An overwhelming majority of New Mexico voters — 75% — support legalizing marijuana, according to a new poll released on Dec. 19, 2019.
“In this day and age, getting 75-percent of people to agree on the day of the week is hard if we make it political,” said Pat Davis, an Albuquerque City Councilor who serves as chairman of the Governor's Legalization Working Group, which commissioned the new survey. “For this many New Mexicans to say it's time to do this is remarkable.”
“Support for legalization is stronger in New Mexico than any state polled this year.”
The polling found 73% support for legalization before voters were given any information about the topic at the start of the survey. But after they were read messaging arguments about the policy change, support ticked up to 75%.
The poll, which surveyed 1,055 likely 2020 New Mexico voters between November 26 and December 2, 2019, revealed some interesting facts about marijuana politics in the state:
- Support varies by partisan affiliation: Close to all Democrats — 90%— support legalization. Independents aren't far behind, with 81% support. Nearly half of Republicans—49% on board.
- Different arguments persuade legalization supporters and opponents: Pro-legalization voters are best persuaded by arguments that legal marijuana will create jobs and fund important services through taxes. Meanwhile, anti-legalization voters are best persuaded by arguments that cannabis has medical uses.
- Supporters and opponents want to spend tax money differently: Pro-legalization voters want cannabis tax revenue to go towards public education and mental health services. Anti-legalization voters also prefer funding mental health, but additionally want some to go to law enforcement.
- The messenger makes the message: Legalization supporters are more likely to be persuaded by doctors and medical patients. But opponents are more likely to be persuaded by law enforcement and religious leaders.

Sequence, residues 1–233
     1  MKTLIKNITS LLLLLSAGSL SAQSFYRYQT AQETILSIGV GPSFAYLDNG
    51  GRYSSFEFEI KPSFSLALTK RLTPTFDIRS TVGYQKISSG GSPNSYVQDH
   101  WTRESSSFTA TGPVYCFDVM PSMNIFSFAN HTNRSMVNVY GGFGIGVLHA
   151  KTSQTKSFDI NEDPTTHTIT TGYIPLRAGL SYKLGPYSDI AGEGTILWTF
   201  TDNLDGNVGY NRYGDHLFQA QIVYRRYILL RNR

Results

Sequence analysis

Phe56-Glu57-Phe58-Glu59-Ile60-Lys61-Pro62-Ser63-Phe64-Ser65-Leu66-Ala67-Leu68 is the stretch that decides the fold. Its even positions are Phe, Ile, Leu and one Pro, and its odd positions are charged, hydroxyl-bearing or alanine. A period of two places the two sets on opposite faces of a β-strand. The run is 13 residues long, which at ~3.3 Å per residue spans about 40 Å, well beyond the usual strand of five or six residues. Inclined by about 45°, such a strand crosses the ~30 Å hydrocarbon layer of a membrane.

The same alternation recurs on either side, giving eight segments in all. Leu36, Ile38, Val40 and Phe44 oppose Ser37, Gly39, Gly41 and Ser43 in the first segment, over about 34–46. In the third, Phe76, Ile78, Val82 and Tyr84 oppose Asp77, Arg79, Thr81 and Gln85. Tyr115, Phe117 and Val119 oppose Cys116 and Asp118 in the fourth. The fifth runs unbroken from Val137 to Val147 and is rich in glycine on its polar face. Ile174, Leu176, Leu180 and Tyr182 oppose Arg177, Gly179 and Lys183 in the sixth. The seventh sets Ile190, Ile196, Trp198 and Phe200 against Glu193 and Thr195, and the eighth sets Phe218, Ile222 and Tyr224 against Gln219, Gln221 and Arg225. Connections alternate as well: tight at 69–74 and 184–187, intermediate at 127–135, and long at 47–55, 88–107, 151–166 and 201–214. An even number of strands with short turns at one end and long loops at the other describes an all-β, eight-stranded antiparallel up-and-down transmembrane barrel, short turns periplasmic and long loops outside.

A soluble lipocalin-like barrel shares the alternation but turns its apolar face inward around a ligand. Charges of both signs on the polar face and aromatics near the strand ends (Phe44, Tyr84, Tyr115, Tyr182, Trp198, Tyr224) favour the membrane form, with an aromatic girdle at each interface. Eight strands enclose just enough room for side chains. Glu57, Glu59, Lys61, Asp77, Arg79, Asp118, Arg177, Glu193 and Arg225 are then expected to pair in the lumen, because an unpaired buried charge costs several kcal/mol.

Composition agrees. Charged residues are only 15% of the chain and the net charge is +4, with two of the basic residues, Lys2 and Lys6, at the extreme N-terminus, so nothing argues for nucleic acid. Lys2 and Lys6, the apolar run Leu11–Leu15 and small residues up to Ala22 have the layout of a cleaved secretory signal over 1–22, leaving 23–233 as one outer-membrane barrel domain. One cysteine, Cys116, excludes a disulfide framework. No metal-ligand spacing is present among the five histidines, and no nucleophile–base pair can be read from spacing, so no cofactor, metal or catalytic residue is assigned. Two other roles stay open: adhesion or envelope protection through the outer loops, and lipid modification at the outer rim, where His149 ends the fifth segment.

- Cannabis jobs are tempting: Almost half of voters know someone who wants to work in the legal cannabis industry. That interest increases for younger people — 70% of voters under 35 want a cannabis job or know someone who does.
The polling, conducted by Change Research, was commissioned by the cannabis legalization working group assembled earlier this year by Governor Michelle Lujan Grisham (D), who campaigned on her support for ending prohibition in 2018.
After holding public hearings throughout the summer and fall, the working group released a series of recommendations for how New Mexico should legalize marijuana. They include provisions for automatic expungement of cannabis convictions, tax exemptions for medical patients and social equity in business licensing.
New Mexico lawmakers will begin a short, thirty-day legislative session next month, and Grisham has called on the House and Senate to consider cannabis legalization. If the effort succeeds, New Mexico will be the 12th U.S. state to end marijuana prohibition.
Interestingly, though 73% of survey respondents supported allowing marijuana sales in their own cities or towns, only 39% claimed they would be “very or somewhat likely” to purchase it themselves.
“This is not a stoner-led movement,” said Davis, the working group chair. “This is real people who see an opportunity that we're not taking advantage of.”
More surprising, a majority of voters — 56% — do not want cities to be able to entirely opt out of selling cannabis. Even 12% of legalization opponents support this position, though 30% of supporters feel cities should be able to opt out of sales.
Earlier this year, the House of Representatives approved a marijuana legalization bill. But even with Grisham's support, the legislation failed to receive a vote on the Senate floor after advancing at the committee level. Lawmakers were divided over last-minute changes added by Republican lawmakers that would have created a restricted system of state-run retail stores, among other provisions. The working group recommended that sales should be conducted by private, state-licensed retails outlets instead.
Although full legalization fell short in 2019, Grisham did sign into law a narrower marijuana decriminalization bill in April.
Grisham acknowledged that even with such strong popular support, getting marijuana legalization done in January will not be easy. “I think cannabis is going to be really hard—it should be,” she told The Albuquerque Journal. “That is not something to run into without being really clear… If I have it on the call, I'm serious about getting it passed.”
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This article has been republished from Marijuana Moment under a content-sharing agreement. Read the original article here.